After the WWDC keynote on Monday night we fired off some emails to developers to gauge their reaction to the announcements.
Generally feedback was very positive to both OS X Mavericks and iOS 7, and reaction to the new Mac Pro was particularly complementary, although there were some concerns.
Here we focus on the reaction to Mac OS X Mavericks, with developers sharing their reaction to the new naming convention, relief that Apple is finally addressing power users again, concerns about security issues surrounding iCloud keychain, and relief that it doesn't look like developers will have a big job implementing the changes required to play with Mavericks.
What sort of a name is Mavericks?
Apple's choice of name for the new OS X drew a few comments and one particularly interesting observation from Keith Blount developer of Scrivener at Literature & Latte. He said: "One of the most significant announcements of the keynote was something that seems superficial: the change of OS X code names from cats to California place names. When Apple reached Lion, it seemed to imply that OS X was nearing its end: here was the ultimate version of OS X, the king of cats - how much further did they plan on taking the OS?
"The switch to a naming convention with plenty of life left in it is a welcome sign from Apple that they think there is likewise plenty of life left in OS X. As a Mac lover and developer, that makes me very happy."
Still, the new name was greeted with a few raised eyebrows, and for some it was the only disappointment to come out of the WWDC keynote. "The only thing we don't particularly like is the name," said Karen MacLean of Open Planet Software.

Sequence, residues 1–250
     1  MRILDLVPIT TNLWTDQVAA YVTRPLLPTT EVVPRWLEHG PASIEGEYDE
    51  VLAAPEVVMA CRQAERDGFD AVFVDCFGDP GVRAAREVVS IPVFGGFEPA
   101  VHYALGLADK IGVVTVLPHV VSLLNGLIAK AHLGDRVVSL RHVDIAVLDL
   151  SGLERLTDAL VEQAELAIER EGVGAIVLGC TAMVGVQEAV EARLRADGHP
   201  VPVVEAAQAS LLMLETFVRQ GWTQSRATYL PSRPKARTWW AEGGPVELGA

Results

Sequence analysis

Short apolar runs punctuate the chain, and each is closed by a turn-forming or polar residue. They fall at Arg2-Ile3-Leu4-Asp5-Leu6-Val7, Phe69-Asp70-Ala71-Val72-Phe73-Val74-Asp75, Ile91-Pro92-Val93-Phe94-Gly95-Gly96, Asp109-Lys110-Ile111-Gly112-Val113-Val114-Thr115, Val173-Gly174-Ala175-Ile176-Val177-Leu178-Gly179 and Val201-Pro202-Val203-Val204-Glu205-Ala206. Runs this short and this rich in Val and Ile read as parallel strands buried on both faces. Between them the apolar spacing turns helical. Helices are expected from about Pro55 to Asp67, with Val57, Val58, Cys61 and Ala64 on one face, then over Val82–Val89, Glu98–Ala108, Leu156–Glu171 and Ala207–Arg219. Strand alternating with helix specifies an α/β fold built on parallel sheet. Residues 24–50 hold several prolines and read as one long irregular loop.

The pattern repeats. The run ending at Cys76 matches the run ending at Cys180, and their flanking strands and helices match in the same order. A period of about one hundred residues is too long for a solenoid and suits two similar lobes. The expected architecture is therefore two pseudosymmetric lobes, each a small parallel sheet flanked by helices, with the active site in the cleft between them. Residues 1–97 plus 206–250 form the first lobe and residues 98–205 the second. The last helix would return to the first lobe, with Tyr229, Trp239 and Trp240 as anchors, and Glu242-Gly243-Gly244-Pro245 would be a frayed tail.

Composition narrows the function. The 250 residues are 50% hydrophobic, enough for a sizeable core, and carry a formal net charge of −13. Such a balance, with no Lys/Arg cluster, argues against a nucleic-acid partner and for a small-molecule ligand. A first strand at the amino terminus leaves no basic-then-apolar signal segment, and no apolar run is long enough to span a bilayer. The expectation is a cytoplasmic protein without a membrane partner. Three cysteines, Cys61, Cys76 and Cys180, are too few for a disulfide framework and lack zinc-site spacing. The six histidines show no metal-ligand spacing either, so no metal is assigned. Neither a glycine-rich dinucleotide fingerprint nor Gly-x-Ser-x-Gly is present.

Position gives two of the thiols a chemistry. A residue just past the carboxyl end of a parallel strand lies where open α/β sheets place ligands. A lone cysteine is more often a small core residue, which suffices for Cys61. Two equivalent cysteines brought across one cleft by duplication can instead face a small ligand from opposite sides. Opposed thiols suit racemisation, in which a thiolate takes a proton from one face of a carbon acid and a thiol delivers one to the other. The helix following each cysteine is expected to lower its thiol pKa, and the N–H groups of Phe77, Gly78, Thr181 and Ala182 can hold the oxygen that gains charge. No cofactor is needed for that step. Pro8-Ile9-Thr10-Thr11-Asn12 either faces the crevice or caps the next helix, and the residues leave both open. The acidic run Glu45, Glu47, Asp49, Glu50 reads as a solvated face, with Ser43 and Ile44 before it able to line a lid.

On the other hand: "Thank god they didn't go with the sea lion name!" said Marketcircle CEO Alykhan Jetha.
Name aside, everyone we spoke to is mostly positive about the new features that Apple previewed in OS X Mavericks. Jetha said: "I think the tweaks and changes they've made make a lot of sense. You can see that Apple is constantly iterating on the basics and fine tuning things. I'm happy with what I saw."
One developer told us that he thinks it would have been unwise for Apple to implement too much change in the new OS. Kevin Hamilton from Binary Formations explained: "OS X is a very mature at this point and that makes radical, revolutionary changes difficult and possibly even unwise (just take a look at Windows 8)."
Grant Cowie from Cognito echoed this sentiment. "It seems that Apple hasn't made a lot of gratuitous changes (as they did in Lion and Mountain Lion) which made things unnecessarily difficult for developers. Time will tell, but so far looking good."
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